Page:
Blockchain Pops Into Solving the Irish Border Brexit Problem as a Viable Solution
Could Blockchain Solve The Irish Border Brexit Problem?
We’ve already seen how blockchain technology can solve problems within the supply chain and financial spaces. However, blockchain is now being proposed as a solution for a more unique problem: blockchain could solve the Irish border problem looming in the United Kingdom.
In a statement on Monday, Britain’s Chancellor of the Exchequer Phillip Hammond argued that blockchain could be used to provide frictionless trade across the Irish border after Britain leaves the European Union.
“There is technology becoming available…I don’t claim to be an expert on it but the most obvious technology is blockchain,” said Hammond earlier today, as reported by Reuters. Hammond was responding to a question about how the government could facilitate smooth trade across the Irish border after Brexit.
It’s unclear how, specifically, blockchain could be used to solve the problem, and Hammond didn’t elaborate on his statement.
However, there are a number of ways blockchain could facilitate frictionless goods exchanges across the Irish border. The most obvious way would be a supply chain tracking system similar to ones already in place with blockchain today. Goods can be tracked using the blockchain, with a blockchain entry recording each step of the transfer of products across the Irish border in either direction.
This Isn’t The First Time Blockchain Has Been Proposed As A Border Crossing Solution
Earlier this year, The Conversation published a piece discussing how technologies like blockchain could facilitate cross-border trading in a post-Brexit world:
“Custom authorities around the world are keen to find technological means of improving efficiency. Paper forms have steadily been replaced by electronic customs declarations, which can be submitted more easily and enable quicker movement between different customs zones. For this reason, both the UK and the EU are in the process of creating fully electronic customs systems.”
Singapore revealed the world’s first blockchain-based platform for electronic certificates of origin (eCOs) earlier this year, for example. A similar technology could be used on the Irish border.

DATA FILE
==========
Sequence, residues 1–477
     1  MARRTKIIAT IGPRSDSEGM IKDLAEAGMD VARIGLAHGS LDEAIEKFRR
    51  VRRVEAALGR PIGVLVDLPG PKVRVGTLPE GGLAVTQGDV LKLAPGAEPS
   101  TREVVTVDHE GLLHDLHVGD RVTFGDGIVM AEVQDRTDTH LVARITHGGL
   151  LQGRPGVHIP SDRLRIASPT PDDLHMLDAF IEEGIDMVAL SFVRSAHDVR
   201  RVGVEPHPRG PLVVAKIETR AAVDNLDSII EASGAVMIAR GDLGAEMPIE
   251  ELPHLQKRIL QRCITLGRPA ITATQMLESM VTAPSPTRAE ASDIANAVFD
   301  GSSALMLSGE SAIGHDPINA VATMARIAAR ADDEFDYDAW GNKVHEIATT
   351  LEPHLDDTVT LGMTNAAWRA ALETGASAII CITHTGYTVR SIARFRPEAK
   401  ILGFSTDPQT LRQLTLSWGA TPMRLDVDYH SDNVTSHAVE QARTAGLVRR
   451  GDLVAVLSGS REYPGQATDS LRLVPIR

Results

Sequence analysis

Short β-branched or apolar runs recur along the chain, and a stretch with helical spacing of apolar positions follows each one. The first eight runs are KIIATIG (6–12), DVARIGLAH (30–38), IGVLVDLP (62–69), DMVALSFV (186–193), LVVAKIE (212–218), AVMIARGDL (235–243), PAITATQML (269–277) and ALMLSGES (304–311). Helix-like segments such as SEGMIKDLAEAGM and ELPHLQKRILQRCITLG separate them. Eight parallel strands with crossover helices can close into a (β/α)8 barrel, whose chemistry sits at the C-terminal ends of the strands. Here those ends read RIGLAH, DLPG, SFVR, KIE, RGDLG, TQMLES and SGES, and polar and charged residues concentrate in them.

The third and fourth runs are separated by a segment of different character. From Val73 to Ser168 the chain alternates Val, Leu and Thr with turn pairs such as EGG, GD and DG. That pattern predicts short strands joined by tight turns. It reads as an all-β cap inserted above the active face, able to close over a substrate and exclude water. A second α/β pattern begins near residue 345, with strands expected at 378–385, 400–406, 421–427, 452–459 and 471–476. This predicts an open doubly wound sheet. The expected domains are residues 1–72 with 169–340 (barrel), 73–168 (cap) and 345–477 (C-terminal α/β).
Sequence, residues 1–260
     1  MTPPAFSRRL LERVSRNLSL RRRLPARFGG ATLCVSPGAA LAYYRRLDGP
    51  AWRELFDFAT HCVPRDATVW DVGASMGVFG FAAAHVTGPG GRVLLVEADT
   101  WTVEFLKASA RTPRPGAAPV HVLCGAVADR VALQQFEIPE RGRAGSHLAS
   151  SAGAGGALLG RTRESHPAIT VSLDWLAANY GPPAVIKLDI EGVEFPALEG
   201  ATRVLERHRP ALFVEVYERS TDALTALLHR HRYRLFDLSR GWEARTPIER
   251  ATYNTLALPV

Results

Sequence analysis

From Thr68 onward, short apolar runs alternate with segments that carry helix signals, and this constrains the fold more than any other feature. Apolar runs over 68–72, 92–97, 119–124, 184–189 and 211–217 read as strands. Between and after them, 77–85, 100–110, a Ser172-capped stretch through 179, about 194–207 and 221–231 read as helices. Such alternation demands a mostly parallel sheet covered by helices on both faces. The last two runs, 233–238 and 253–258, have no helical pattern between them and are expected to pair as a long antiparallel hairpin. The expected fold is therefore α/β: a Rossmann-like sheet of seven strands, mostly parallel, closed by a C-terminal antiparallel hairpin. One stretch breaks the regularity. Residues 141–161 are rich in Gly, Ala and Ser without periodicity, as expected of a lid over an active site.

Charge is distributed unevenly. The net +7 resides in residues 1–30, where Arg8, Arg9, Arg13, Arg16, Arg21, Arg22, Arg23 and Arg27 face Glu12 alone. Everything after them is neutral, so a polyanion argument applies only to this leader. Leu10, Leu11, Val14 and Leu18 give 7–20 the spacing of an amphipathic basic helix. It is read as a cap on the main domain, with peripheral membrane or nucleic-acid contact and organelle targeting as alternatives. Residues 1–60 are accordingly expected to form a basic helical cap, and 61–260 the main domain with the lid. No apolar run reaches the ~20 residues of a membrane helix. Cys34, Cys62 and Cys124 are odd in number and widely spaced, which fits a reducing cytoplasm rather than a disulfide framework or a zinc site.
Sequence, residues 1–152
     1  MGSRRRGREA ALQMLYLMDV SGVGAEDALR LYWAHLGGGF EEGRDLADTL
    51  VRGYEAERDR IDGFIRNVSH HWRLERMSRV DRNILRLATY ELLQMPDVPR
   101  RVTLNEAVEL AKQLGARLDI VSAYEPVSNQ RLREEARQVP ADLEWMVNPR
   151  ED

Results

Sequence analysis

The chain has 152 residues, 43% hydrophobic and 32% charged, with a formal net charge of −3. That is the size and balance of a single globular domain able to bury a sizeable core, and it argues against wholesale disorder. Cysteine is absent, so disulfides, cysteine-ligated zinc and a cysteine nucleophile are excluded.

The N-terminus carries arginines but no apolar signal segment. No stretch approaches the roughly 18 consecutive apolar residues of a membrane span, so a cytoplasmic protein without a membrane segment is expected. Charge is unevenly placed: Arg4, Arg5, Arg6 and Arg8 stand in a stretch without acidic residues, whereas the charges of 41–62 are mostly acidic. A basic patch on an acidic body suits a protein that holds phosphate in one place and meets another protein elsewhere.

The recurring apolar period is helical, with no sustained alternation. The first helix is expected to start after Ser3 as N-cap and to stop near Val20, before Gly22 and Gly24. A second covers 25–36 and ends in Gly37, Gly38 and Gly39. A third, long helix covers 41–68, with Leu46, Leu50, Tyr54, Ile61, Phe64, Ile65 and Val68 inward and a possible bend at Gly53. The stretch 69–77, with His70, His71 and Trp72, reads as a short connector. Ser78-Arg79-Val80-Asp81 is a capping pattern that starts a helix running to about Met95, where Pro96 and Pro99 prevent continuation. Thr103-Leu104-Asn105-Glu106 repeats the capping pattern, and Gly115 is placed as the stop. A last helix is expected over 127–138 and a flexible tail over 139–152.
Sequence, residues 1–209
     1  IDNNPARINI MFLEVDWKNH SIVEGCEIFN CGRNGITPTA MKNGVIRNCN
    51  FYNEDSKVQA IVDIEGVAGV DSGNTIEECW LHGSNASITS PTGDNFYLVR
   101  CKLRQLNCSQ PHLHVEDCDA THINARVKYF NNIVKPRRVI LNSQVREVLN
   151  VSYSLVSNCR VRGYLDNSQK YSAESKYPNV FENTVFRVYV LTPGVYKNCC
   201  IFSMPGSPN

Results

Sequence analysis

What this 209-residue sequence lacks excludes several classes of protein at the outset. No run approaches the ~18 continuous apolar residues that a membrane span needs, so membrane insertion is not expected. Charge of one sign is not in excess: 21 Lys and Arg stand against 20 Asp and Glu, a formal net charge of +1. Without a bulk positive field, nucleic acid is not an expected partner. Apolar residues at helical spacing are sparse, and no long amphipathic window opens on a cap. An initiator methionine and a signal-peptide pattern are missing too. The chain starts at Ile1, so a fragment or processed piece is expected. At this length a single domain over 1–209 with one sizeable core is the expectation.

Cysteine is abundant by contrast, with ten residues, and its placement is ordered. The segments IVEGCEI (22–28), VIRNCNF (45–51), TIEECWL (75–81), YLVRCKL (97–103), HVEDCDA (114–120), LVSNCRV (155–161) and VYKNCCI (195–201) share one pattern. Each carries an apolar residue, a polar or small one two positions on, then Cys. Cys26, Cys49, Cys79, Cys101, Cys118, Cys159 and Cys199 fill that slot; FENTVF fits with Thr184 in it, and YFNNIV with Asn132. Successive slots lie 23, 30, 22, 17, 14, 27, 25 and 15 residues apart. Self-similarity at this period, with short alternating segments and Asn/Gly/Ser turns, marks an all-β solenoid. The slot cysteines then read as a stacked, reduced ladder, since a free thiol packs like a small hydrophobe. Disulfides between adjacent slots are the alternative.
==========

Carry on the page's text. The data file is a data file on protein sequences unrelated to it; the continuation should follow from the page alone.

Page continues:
The key problem to solve here is that the UK doesn’t want to create a solid border between Northern Ireland and the Republic of Ireland. The UK government has made a commitment to have “no physical infrastructure or related checks or controls” on the border.
The problem is that the Republic of Ireland is part of the EU, which allows free movement of goods and services. How can the government prevent EU companies from moving products to the Republic of Ireland for customs-free transfers across the border into Northern Ireland? That’s where blockchain may be able to help.
Blockchain could track the movement of goods and services on the border without subjecting citizens to invasive border screenings.
Blockchain could be used to complement additional non-invasive screening technologies. Vapor analysis, for example, using neutron-activated spectroscopy has been proposed as a way for customs to detect the presence of certain chemical compounds without requiring invasive border checkpoints.
“Brexit day” is scheduled to take place on March 29, 2019, if everything goes according to plan. At 11pm on Friday, March 29 next year, the UK will officially cease to be a member of the EU, although a transitional period will be in place until the end of 2020. In a post-Brexit world, blockchain could be the technology that allows the Irish border to remain secure while allowing the UK to move forward as an independent country.